Set in Depression-era Pennsylvania, Hannah, Divided centers on Hannah Bennett, a thirteen-year-old farm girl who also happens to be a math genius and an obsessive-compulsive who counts everything. Hannah loves living on a farm, helping her family with the chores, and attending a one-room school with children she has known all her life. With the help of a wealthy Philadelphia patron, Hannah travels to the big city to try to win a math scholarship. Once there, she is torn between her homesickness and her burning desire to work with numbers, even in an alien place full of automobiles, loud music, and strangers. Griffin's "portrait of a child struggling with symptoms of obsessive-compulsive disorder is sensitive and convincing," declared Barbara Scotto in School Library Journal, the critic dubbing Hannah, Divided "a novel well worth savoring." In Publishers Weekly a critic praised the way Griffin "makes inventive use of a third-person narration to demonstrate Hannah's computer-like brain and quirky personality." As Booklist reviewer Cooper concluded: "In other hands, this might have been a problem novel. Here it is a celebration."

Fourteen-year-old Irene, the main character in My Almost Epic Summer, is looking forward to her first year in high school. While working as a babysitter to Evan and Lainie, Irene becomes fascinated by Starla, the lifeguard at the pool where the children swim. The teen's world gets more interesting when she attracts the attention of Starla's ex-boyfriend; meanwhile, young Lainie idolizes Irene in turn, while Irene's mother needs consoling when her relationship with her current beau goes south in a novel that Horn Book critic Jeannine M. Chapman dubbed "funny" and "thoughtfully layered." Praising My Almost Epic Summer as "delightful," Kliatt critic Claire Rosser added that the novel "borders on being a farce" due to Irene's witty observations, while in Booklist Cooper concluded that Griffin's "characters … are all neatly, if not broadly drawn, and readers will have lots of fun" spending time between the pages. My Almost Epic Summer is a coming-of-age novel that features "vivid scenes, believable dilemmas, and satisfyingly human characters," according to School Library Journal contributor Roxanne Myers Spencer.

Nominated for a National Book Award, Where I Want to Be features a story salted with the supernatural, as sisters Lily and Jane Culvert are separated by death. Sixteen-year-old Lily was happy-go-lucky until older sister Jane succumbed to mental illness and committed suicide by walking in front of a car. In the novel's dual narratives, readers learn that Jane's spirit must continue to relive a single day from her childhood, while Lily cannot recover from the guilt she feels following her sister's death until she is aided by boyfriend Caleb. Noting that the sisters are portrayed as complex but fascinating individuals, Cooper added that "Griffin artfully dabs details on her canvas, then overlays … a super-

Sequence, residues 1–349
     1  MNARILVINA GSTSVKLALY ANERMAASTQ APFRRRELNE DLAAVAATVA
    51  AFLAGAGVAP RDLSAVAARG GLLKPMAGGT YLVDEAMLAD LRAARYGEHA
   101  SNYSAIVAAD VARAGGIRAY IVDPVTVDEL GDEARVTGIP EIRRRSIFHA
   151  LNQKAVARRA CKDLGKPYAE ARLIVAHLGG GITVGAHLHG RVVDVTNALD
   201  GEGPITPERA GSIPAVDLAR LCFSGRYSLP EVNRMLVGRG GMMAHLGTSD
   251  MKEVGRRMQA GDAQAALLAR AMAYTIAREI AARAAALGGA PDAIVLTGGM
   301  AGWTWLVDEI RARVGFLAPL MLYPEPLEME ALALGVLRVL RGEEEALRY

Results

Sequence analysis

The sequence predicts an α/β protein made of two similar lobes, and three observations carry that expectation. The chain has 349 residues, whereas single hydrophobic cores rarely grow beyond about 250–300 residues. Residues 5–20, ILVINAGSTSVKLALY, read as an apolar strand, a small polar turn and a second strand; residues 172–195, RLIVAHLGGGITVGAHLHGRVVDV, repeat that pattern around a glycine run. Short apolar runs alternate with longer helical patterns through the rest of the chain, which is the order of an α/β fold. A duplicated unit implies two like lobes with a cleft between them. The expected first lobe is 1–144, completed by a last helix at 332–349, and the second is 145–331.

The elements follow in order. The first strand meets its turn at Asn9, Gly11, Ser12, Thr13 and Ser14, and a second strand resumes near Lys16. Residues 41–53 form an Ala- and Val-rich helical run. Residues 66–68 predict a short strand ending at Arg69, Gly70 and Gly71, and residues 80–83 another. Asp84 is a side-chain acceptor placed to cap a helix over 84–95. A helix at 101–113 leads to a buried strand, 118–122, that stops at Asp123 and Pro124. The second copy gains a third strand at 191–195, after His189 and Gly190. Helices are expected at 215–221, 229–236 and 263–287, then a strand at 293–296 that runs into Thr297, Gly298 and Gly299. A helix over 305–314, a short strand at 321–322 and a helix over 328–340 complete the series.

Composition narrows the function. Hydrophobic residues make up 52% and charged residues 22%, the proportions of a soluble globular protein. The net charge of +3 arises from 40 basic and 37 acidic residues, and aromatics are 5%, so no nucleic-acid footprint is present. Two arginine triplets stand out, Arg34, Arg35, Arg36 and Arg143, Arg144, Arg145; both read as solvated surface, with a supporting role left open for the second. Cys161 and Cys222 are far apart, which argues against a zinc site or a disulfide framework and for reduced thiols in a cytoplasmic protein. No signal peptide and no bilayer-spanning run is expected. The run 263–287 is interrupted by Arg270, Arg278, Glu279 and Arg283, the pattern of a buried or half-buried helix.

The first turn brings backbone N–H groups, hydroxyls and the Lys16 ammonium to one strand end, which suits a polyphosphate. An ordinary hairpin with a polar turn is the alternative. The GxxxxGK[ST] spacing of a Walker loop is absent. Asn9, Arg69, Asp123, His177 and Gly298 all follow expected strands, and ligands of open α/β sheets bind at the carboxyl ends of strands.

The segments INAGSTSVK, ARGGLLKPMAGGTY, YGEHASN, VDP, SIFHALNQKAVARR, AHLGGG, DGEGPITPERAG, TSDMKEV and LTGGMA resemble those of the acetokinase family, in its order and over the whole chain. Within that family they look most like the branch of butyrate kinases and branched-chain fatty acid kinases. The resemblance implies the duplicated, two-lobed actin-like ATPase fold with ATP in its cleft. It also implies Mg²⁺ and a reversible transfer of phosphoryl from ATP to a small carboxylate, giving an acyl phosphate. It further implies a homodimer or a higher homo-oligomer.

natural patina that will immediately draw in" her novel's intended teen readership. In School Library Journal, Crystal Faris described Where I Want to Be as a "well-crafted blend of reality and otherworldliness" that is "thoughtful, unique, and ultimately life-affirming."

Griffin turns to younger readers in her "Witch Twins" series, which introduces ten-year-old twins Claire and Luna. Although they look alike, Claire and Luna are distinct individuals with unique personalities. They must keep their magic a secret from most of their family members, with the exception of Grandy, the grandmother from whom they have inherited their witchy talents. Series opener Witch Twins revolves around Claire and Luna's attempts to break up their father's impending marriage to a woman named Fluffy. "Griffin's modern tale bursts with everyday enchantment," noted Catherine T. Quattlebaum in her School Library Journal review of Witch Twins. The critic also lauded the work for its "breezy mixture of otherworldly witchcraft and ordinary activities."

Sixth-grade twins Claire and Luna attend summer camp in Witch Twins at Camp Bliss, once again proving their independence by pursuing different courses from the moment they arrive. Claire must overcome a rival to win the coveted "Camp Bliss Girl" trophy, and Luna cannot find the magic dust given to her by her grandmother. In Witch Twins and Melody Malady the girls get an opportunity to meet their film-star idol Melody Malady, but tensions erupt when Melody becomes friends with Claire, leaving Luna in the company of Melody's brainy but quiet sister, Dolores. A trip to a Scottish castle is the focus of Witch Twins and the Ghost of Glenn Bly, as Claire and Luna help put to rest the ghostly but harmless Sir Percival. In School Library Journal, Debbie Whitbeck observed that in Witch Twins at Camp Bliss Griffin "keeps the characters true to their personalities," and Booklist critic Diane Foote enjoyed the story's "satisfying and convincing happy ending." "Fans of the series will enjoy this offering," maintained Linda B. Zeilstra in a School Library Journal appraisal of Witch Twins and Melody Malady, while Karin Snelson dubbed the series "ebullient" and "quirky" in her Booklist review of the third "Witch Twins" installment.